Capital Budgets Fall to 13% of IT Spending

IT capital budgets have shrunk as companies accelerate the migration away from on-premises infrastructure.
Capital Budgets Fall to 13% of IT Spending
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In the next 12 months, half of the North American IT decision-makers surveyed by Spiceworks Ziff Davis said their companies would be increasing tech spending, and only 6% said they intended to cut back. 

But the kind of spending organizations will undertake is changing. This year, capital budgets will make up the smallest percentage of IT spending ever at U.S. and Canadian companies, according to Computer Economics, a service of Avasant Research. At the median, such spending will account for only 13% of total IT budgets, according to data released on Wednesday, down from 24% in 2013. (See chart.)

Businesses maintain capital budgets to fund long-term investments in IT infrastructure, equipment, or major system development or implementations. But these budgets have downsized as companies accelerate the migration away from on-premises IT infrastructure and convert more of their workloads to the public cloud and more of their applications to subscription models, according to Computer Economics’ IT Spending and Staffing Benchmarks study for 2022/2023

While 70% of the 225 surveyed executives said their company would be increasing IT operational spending in 2022, only 49% said their IT capital budgets would increase. About one in five (20%) indicated they would be cutting IT capital spending.

“Companies are shuttering data centers and shrinking footprints in favor of the cloud,” according to the Computer Economics report. “As cloud infrastructure, cloud storage, and software-as-a-service (SaaS) take over for on-premises software and storage, data centers are no longer a priority for new spending.”

“While companies may always need to refresh end-user devices and a few critical on-premises workloads, this is probably still not the bottom for capital spending.” — David Wagner, senior research director, Computer Economics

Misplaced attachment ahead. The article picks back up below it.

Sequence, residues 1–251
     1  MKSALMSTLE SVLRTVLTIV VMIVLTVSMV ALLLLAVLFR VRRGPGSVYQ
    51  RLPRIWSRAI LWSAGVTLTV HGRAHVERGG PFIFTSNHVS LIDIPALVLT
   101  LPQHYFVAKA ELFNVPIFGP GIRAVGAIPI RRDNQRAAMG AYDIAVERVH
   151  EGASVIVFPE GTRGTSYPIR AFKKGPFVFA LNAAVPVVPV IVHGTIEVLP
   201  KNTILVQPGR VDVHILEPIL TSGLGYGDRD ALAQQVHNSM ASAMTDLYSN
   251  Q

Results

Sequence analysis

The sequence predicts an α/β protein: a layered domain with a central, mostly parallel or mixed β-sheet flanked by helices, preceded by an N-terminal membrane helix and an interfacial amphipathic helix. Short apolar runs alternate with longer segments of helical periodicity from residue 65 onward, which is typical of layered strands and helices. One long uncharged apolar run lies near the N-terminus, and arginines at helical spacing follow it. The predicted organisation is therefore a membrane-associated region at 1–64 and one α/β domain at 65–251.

About 39% of companies report now having at least half of their applications in the cloud, up from 29% in 2019. Cloud infrastructure has gone from an average of 2.3% of the total IT operational budget in 2021 to 5.7% in 2022, Computer Economics found. Cloud applications and cloud infrastructure are the top two IT spending priorities for this year.

“While companies may always need to refresh end-user devices and a few critical on-premises workloads, this is probably still not the bottom for capital spending,” said David Wagner, senior research director at Computer Economics.

Plans are for operational IT budgets to increase a median of 5% in 2022. IT spending per user will rise to $8,932 from $8,248 in 2021, or about 7%. The increase in employees working from home is one reason, according to Computer Economics. In addition, inflation, supply chain disruptions, and equipment shortages are pushing up IT costs. Total IT spending as a percentage of revenue remained relatively flat, at 2.6%.

Computer Economics did offer a warning about the switch from capital to operational spending for IT. While cloud applications and infrastructure offer an elastic and scalable approach to IT spending, it is easier to hold off on capital spending in a given year — say, to stretch the life of a server farm. To reduce operational spending by renegotiating an existing SaaS subscription contract, on the other hand, can be difficult.

“While many cloud offerings are based on usage, companies may still find they end up locked into paying for services they are not taking full advantage of,” according to the Computer Economics report. “As companies reduce their capital spending, they should be careful to negotiate cost flexibility into their contracts.”

If the COVID-19 pandemic was any indication, even if the U.S. enters an economic recession companies probably won’t slice away at their IT budgets in 2022 and 2023.

“The pandemic lockdowns drove home the lesson that IT was a strategic necessity and that a digital strategy was imperative in all sectors,” said Computer Economics. “We tracked IT spending throughout the worst of the pandemic in 2020 and into 2021 and saw that, for the most part, companies cut anything else they could before cutting IT budgets or laying off IT personnel.”

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